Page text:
The City has shown that Whitlow acted alone, and that the City arrested and prosecuted him as soon as it was informed of Whitlow's activities by the FBI. Roach again points to the Zirkelbach testimony and to the affidavits of himself and others charging the police department with other misconduct. The Zirkelbach testimony fails to support this claim for the same reasons it failed to support the conspiracy claim. Roach gives only half the story, omitting Zirkelbach's testimony that he told Whitlow to contact his supervisors, but Whitlow did not do so. Nor are the affidavits helpful to any Section 1983 claim. The first affidavit, from Anthony James Cates, avers that Cates was arrested and charged with attempted murder, kidnapping, burglary and rape, among other things. Cates claims that the arresting officers encouraged the victim to identify Cates as the perpetrator, and that he was later acquitted. Cates also charges that the Evansville police picked up prostitutes and took them to the station to engage in unspecified unlawful conduct. None of Cates' claims relate to Whitlow's attempted extortion of Roach, and Roach does not explain how any of this conduct relates to a widespread practice of depriving residents of their civil rights.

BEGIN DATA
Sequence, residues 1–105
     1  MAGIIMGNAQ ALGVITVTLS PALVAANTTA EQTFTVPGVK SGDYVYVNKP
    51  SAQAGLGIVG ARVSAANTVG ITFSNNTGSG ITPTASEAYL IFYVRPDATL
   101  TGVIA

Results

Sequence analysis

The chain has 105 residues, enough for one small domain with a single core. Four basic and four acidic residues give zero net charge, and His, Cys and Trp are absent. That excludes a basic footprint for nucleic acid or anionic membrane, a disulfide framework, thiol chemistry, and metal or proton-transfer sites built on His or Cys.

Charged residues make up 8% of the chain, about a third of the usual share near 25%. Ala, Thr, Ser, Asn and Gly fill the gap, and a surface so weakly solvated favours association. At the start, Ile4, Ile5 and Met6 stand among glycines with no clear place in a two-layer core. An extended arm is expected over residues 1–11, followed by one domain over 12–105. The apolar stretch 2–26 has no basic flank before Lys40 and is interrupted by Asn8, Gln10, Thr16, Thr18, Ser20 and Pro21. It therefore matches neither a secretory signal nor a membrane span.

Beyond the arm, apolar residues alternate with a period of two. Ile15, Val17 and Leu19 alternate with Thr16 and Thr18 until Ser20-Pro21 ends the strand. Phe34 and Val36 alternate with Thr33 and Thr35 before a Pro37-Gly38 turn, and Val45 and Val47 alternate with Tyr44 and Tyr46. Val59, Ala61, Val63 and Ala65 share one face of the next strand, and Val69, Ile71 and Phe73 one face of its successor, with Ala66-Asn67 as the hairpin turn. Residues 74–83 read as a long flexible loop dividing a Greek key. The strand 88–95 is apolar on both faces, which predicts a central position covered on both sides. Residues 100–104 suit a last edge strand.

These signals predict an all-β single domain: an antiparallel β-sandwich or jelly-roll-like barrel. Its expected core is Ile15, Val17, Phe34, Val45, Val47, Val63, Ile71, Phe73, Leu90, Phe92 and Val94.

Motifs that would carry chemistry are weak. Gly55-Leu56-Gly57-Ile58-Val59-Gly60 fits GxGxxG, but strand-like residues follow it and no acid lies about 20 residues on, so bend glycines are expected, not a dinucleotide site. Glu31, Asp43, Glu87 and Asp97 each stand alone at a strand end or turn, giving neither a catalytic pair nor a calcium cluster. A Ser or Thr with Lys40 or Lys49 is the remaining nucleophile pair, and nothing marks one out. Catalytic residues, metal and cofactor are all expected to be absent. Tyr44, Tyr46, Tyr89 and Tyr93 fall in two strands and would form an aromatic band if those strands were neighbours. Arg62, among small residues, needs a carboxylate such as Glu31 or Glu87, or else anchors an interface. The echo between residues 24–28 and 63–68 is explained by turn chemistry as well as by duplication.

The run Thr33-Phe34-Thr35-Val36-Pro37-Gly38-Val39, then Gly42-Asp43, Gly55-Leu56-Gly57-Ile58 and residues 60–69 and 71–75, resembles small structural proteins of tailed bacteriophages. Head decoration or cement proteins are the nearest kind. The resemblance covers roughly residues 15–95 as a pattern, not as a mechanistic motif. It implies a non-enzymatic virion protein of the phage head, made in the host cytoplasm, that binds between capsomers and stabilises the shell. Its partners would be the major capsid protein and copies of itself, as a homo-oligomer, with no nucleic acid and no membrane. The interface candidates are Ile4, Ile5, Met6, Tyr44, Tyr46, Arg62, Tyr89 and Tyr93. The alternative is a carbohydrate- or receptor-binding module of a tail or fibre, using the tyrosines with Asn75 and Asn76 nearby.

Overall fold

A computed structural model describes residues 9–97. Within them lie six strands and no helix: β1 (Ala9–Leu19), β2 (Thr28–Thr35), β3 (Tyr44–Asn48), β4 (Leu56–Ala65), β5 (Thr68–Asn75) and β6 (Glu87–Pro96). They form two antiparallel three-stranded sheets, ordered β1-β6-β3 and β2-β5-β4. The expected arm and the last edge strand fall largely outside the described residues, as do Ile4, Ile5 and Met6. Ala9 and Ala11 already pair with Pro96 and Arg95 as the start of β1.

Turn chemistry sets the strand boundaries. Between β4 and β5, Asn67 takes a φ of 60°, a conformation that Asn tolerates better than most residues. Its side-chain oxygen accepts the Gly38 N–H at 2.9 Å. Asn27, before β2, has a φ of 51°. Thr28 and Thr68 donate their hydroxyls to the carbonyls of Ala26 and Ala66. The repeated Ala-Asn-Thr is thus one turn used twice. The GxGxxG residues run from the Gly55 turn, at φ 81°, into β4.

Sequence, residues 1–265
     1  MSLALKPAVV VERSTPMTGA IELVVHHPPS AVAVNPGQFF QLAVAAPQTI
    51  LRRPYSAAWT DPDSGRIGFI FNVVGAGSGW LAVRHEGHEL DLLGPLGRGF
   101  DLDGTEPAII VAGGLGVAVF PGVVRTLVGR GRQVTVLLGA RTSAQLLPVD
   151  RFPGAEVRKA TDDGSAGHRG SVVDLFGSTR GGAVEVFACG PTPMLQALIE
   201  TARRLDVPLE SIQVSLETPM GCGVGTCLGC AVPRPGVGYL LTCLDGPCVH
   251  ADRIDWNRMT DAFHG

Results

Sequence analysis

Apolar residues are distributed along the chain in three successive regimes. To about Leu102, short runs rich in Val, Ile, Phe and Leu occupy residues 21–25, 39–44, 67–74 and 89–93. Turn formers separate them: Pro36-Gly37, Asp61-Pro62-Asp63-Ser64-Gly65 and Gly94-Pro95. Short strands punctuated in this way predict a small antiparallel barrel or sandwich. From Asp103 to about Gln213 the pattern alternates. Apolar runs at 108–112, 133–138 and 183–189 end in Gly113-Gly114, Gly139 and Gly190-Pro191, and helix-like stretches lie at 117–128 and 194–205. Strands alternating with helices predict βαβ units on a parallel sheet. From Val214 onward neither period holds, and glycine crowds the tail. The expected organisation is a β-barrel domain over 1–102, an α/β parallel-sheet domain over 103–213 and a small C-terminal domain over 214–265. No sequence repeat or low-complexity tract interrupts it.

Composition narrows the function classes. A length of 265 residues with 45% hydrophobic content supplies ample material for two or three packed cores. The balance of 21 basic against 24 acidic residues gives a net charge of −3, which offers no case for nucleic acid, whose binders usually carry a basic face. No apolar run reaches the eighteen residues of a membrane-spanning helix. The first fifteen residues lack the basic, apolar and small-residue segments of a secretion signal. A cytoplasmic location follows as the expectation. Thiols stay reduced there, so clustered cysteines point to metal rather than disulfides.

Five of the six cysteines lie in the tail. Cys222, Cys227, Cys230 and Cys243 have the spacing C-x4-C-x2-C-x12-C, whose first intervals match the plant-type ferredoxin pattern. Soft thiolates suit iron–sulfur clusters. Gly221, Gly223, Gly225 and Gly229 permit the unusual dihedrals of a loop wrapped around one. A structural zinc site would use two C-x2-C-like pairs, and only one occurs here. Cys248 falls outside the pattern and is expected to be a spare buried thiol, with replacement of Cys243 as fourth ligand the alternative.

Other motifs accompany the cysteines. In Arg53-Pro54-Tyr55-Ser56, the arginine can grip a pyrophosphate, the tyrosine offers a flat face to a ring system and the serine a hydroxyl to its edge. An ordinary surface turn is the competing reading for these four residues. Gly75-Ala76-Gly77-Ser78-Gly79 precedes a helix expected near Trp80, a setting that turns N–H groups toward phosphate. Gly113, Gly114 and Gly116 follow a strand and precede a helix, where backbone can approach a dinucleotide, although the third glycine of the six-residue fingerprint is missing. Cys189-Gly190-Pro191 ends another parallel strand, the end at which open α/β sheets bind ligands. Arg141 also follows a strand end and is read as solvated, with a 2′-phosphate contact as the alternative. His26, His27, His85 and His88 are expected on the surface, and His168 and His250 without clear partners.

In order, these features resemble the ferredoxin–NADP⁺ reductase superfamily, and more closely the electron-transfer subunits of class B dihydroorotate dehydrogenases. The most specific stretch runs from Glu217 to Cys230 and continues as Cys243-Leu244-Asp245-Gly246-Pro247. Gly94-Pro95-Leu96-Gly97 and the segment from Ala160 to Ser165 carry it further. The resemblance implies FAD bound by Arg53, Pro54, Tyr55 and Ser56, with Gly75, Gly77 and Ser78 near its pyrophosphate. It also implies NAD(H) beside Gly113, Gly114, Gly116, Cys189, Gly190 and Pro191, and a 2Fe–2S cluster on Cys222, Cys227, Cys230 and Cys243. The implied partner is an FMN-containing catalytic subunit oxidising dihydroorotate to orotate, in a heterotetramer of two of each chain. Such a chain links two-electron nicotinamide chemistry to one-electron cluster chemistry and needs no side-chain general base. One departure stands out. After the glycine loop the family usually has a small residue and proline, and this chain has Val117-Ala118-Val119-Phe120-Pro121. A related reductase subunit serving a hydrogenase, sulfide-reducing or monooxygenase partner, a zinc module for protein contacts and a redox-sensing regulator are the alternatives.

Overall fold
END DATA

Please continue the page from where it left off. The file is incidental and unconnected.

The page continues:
The second affidavit, from plaintiff Roach himself, details the circumstances of his son's arrest, Roach's efforts to secure an attorney for his son, and the subsequent contacts from Whitlow. This affidavit supports a claim that Whitlow acted illegally, but adds nothing to a claim regarding any widespread practice in the police department. The third affidavit, of Jerry Hazelwood, asserts that he witnessed several officers, including Whitlow and Zirkelbach, enter and search the home of Tony Hazelwood, and that he later learned that the officers seized evidence from that search. Jerry Hazelwood's affidavit, in and of itself, describes the perfectly appropriate police behavior of executing a proper search warrant and seizing incriminating evidence. The final affidavit, of Tony Hazelwood, describes the same search and seizure, but adds that the officers who arrested Tony Hazelwood offered him a deal in exchange for false testimony against Harris and Toshio Roach.